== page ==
Tuesday, September 15, 2009

9/14 - BLUE MONDAY!!

Monday's at 7am......it's usually my favorite time and day. A vacant boat ramp, a vacant river (to some extent). And if the fish are chewin', just a great way to start a week.

Except for this Monday. Something happened.

Had John H. aboard today for a solo angler's trip. Plans were to go do some float-rig fishing, then depending on the bite, possibly stop and get a few Bull Reds before heading back to the dock to clean fish. I like to mix it up. Don't really want to spend the whole day bottom fishing, but rather wait till the tides low, and then try it. So we left the dock this morning at 7am on a falling tide, with a East wind blowing between 15-20 knots.

Headed to the same area I fished on Saturday with Nick. The tide had just started to fall. John had never float-rig fished before. But was interested in learning a new technique, seeing he has his own boat, and lives further up river.

We fished and fished, and hit approx. 5-6 spots and only had one small 14" Trout, and a few Mangrove Snappers. At first I thought it had to be just the area that we were in, so I kept moving. But after hitting some of the better Trout areas in my available locale. We both started to realize. It wasn't us. They just weren't biting! But the funny thing was, the Mangroves sure were on the loose.

A few places, a shrimp couldn't make it 20 feet behind the boat. Along with Pinfish, we ran right through 6 dozen live shrimp with nothing to show for it except two 12" Mangrove Snappers in the box.

I can easily put 2 and 2 together. On Saturday, the Trout bite was almost non-existent. And we were seemingly lucky two get the ones we did catch.

How many days now has it been with the due East wind?? This isn't spring time. Because I blatantly remember many a March-April that had incessant east winds for weeks.

This weeks strong/high tides coupled with East winds holding back the water in the river made for no genuine LOW tides. Add up all these factors, and somewhere hidden in there was the lack of Trout I believe.

And as I told John, "Don't come out on this river anytime, without some kind of back-up plan, I don't care what time of year it is."

So we headed back towards the boat ramp. But we certainly weren't going to give up completely.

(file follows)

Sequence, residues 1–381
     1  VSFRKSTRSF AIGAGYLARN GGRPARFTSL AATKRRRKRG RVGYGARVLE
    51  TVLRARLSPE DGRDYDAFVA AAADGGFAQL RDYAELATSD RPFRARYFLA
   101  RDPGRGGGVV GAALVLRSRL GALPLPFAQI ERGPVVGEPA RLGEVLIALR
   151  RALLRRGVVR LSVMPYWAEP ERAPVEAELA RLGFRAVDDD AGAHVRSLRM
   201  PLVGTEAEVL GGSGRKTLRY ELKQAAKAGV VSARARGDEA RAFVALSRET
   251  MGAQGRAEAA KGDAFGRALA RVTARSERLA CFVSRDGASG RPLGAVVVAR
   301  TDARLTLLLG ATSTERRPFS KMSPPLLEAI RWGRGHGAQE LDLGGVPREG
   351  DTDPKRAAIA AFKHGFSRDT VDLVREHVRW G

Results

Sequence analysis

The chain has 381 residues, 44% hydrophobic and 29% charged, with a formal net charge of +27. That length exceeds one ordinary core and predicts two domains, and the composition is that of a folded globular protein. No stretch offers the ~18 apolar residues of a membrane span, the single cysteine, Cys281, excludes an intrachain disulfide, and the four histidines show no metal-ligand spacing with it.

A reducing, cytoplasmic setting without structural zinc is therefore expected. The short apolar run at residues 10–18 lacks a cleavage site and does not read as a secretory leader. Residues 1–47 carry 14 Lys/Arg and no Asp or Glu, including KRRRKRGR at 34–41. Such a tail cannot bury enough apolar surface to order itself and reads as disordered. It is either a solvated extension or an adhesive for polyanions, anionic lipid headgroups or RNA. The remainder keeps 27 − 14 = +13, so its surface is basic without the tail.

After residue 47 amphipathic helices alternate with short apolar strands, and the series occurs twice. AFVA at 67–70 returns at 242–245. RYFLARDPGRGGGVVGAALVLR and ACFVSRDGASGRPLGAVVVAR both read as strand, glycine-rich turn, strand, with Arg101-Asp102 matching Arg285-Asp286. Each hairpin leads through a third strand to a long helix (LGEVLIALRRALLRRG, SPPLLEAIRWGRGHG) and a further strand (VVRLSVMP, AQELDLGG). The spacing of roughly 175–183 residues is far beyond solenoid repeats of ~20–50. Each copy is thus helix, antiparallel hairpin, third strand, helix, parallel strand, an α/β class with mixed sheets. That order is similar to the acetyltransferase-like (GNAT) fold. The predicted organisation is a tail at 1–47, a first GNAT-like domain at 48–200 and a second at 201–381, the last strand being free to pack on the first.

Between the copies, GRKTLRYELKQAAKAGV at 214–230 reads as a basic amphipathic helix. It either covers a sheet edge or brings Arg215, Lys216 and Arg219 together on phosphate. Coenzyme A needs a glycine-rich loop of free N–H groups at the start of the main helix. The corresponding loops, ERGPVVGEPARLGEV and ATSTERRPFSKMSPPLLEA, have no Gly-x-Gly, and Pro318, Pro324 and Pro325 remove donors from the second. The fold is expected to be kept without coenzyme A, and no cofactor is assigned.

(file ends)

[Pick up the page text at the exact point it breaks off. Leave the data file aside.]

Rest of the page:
Could it have been that all morning long he had Bananas hidden in the cooler? I've had my situations with the yellow funny shaped fruit before. Too many times have Bananas appeared in the hands of my clients, to my dismay. Apparently a "fisherman's snack" for many. But also "bad luck", for those who are superstitious like me.....especially when we're already struggling. John quickly ate one, and disposed of the other.


I anchored up to try and catch a few bull Redbass. (the back-up plan). And no sooner were we one the spot with two rods out did we get two bites. Both rods started bouncing. But one was what we came looking for. John was quickly hooked up to a big Redbass. The other rod had a dang Toadfish on it. The fish peeled drag on the absolute last "puff" of falling tide, running due east.......then, POP. Broke off right above the hook. Huh? Wonder what happened there?


With the bananas now gone, and now getting bites, it sure seems like the superstition was real.


The tide quickly reversed being pushed by the 15 knot east wind. So I made a move even closer to the boat ramp. Looking to get wind and tide going all the same direction. We had five frozen Blue Crabs left. If we're lucky, just enough to catch a Big Red. Even though not a "Box" fish, it would be redemption for our whole morning spent traveling, fishing hard, and coming up with no trout.

Blame it on the bananas, or just changing tactics (Trout can be way more finicky then Red's on the bottom) But we easily got bit, and John like so many other people I take, caught his largest Brutus T. Redbass, of his angling career. We ended up with three all in the same area. From 20-30 pounds.

































































It was a long, long day. But John learned a new fishing technique, saw how the tide and wind effects each spot, saw how aggravating small Mangrove Snappers can be to the Trout fisherman, and also caught his largest ever Redbass. So even though we never filled the box with Trout and Flounder. I believe he got his time and monies worth.

Now, I have to start thinking toward Thursday's charter. Wonder what the deal will be then?


-See ya on the river.



Vienna Sausages, and a pack a crackers, have never brought me bad luck!

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